While Warby Parker might be the essence of “hipster who wears glasses,” and even “Brooklyn hipster who wears glasses,” the at-first Internet-only retail startup that expanded into brick-and-mortars in 2013 didn’t have a single showroom in Kings County—until now. Well, until Saturday, that is, when the business, co-founded by Neil Blumenthal and Dave Gilboa, will open a location in Cobble Hill, their 31st, including three in Manhattan.
Yesterday we stopped by to make sure Warby Parker Brooklyn looked like what we hoped Warby Parker Brooklyn might look; you know, kind of understated yet artistic and literary—only effortlessly so—at the same time. So we walked over to 55 Bergen Street, just a couple doors down from the popular daytime hangout, 61 Local, and a short little shuffle from the Bergen G and F trains.
While the theme of every Warby Parker store is, more or less, “library meets eyewear retailer,” Warby Parker Brooklyn veers a little closer to “comic book store meets eyewear retailer.” So, for example, while the flagship location in SoHo comes with literature-stocked book shelves with rolling ladders attached and Terrazzo tile floors (the kind you see in classic fancy libraries), the Bergen Street location has wood floors carpentered into a chevron pattern and shelves filled with picture books, or, as Warby Parker describes it, books without words—graphic novels, illustrated stories, and sketchbooks, many of which you can buy and flip through intermittently while browsing handsome frames sold at relatively cheap prices. One example of the wordless book is 50 Ways To Lose Your Glasses—a concept even those with pretty good eyesight can identify with—published by Warby Parker and Hachette.
When we stopped by yesterday, an employee’s dog named Cheeseburger bounded over to say hello. Hung prominently on the wall to the left was a handsome piece of custom art by Brooklyn-based artist Shantell Martin. It’s an abstract line-drawing of the borough; in the center is scrawled, “One Day Someday Today We Can We Will We Could We Should Be More Make More See More.” [sic!] The effect is like if Pablo Picasso were to have rendered hipster Brooklyn during his Cubist phase.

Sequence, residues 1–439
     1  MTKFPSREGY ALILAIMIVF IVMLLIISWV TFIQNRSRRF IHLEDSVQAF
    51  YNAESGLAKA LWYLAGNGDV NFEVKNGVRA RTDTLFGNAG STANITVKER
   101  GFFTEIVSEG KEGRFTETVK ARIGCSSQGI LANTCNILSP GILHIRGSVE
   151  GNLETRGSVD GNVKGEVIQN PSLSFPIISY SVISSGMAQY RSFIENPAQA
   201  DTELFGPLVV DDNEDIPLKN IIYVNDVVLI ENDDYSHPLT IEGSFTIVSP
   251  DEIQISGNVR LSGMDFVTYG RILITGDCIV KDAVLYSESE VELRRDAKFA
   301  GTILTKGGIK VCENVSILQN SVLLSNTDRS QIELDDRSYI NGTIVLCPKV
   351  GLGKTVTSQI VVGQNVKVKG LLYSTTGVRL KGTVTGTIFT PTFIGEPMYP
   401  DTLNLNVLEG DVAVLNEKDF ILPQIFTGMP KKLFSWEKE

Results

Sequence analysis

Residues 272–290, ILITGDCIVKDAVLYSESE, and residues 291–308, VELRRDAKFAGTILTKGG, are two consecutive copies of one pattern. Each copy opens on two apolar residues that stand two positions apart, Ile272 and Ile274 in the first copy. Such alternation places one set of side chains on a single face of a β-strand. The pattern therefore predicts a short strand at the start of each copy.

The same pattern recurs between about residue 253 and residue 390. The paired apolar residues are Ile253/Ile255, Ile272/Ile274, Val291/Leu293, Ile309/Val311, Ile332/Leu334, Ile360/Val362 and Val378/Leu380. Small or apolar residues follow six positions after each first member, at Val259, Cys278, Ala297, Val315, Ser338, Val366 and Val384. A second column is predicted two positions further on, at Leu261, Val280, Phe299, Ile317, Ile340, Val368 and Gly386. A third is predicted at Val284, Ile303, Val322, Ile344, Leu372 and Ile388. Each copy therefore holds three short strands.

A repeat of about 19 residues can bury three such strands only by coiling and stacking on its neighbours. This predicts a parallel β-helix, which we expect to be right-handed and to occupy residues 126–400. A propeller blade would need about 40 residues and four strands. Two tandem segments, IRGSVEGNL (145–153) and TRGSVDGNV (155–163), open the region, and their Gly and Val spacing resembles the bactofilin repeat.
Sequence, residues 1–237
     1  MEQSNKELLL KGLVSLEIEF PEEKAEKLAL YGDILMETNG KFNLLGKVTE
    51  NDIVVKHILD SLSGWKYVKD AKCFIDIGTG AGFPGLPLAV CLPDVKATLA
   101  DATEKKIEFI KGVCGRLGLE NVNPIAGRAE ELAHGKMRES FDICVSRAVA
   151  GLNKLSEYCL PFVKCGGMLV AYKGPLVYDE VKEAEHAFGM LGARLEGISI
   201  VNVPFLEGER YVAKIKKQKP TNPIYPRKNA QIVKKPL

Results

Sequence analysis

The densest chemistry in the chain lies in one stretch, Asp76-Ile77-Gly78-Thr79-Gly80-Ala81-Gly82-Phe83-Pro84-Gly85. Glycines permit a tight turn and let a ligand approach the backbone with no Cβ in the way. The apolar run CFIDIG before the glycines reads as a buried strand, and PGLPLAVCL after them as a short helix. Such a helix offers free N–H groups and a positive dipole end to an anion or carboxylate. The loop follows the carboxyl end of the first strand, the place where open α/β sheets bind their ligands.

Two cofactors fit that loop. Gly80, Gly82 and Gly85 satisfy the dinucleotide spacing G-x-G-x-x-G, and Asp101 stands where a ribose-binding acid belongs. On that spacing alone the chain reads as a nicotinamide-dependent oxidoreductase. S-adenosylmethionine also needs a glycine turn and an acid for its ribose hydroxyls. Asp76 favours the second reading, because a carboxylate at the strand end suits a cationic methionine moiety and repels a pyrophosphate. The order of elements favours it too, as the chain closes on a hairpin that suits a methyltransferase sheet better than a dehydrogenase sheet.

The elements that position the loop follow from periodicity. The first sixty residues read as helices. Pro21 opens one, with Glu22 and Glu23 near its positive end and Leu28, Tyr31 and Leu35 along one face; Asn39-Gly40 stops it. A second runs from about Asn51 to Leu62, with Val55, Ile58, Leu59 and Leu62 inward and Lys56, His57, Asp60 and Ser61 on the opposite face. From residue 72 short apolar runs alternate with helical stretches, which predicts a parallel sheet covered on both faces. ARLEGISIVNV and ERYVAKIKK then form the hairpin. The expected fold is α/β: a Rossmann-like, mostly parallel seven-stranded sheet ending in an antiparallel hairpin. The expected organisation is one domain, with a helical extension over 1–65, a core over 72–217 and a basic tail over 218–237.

That feature is repeated throughout the rest of the store: work from several New York and mostly Brooklyn-based artists is on view, or painted as murals—like the large depiction of Bergen Street and the Bergen Street store behind the store’s “reference desk” (which you might also identify as a checkout counter), by artist Pete Gamlen, and a second full-room work in the public restroom (yes, a public restroom! with a full-length mirror! unheard of!), by artist Jim Rugg. It’s in black and white, and you should make Instagrams with it.
Oh—sorry. For a minute I forgot this store is for selling eyewear. There is a lot of that on hand, too. Shelves line the long, open space, and are filled with dozens and dozens of niftily designed frames in hues that span the ROYGBIV. I am not really a glasses-wearer, though I do have one pair and a tiny prescription, only I don’t have a lot of experience trying on frames. But yesterday, I did, and here’s what I learned: I love myself a pair of emerald-green glasses—even ones in Egyptian blue—and especially in the design called the Bensen.
Even if you don’t have a need for prescription glasses, Warby Parker offers a sunglass line called the “Sun Collective,” and one of the designs is exclusive to the Bergen Street store: The Milton, which has round wire frames with light blue-tinted lenses. I picture, maybe, Carmen Sandiego keeping them in a discreet satchel.
It is the only product that disrupts Warby Parker’s philosophy that, regardless of location (online, or at any of its brick and mortars) you can find any frame anywhere. And that philosophy bleeds into the Reference desk (which, yes, does indeed double as a checkout counter): There you can bring a product purchased at any location for servicing, or return that product from any location within 30 days, or get answers to any Warby Parker eyewear-related question you might have.
Yesterday, the Bergen Street employees were bustling about the store, placing final touches—picture books, eyewear, postcards of all the art that hangs on the wall, reproduced in miniature, free for the taking. Someone was also drilling holes into the marble reference-counter where the computer would be attached. A busy time but, come Saturday—beside all that local art, those graphic compilations, and definitely that very attractive bathroom—you can step inside 55 Bergen, but be (more or less) inside any Warby Parker store in the country; though the excessive Cobble Hill charm and stroller-heavy sidewalks will remind you where you are the minute you step back outside.
Warby Parker Brooklyn: 55 Bergen Street, Cobble Hill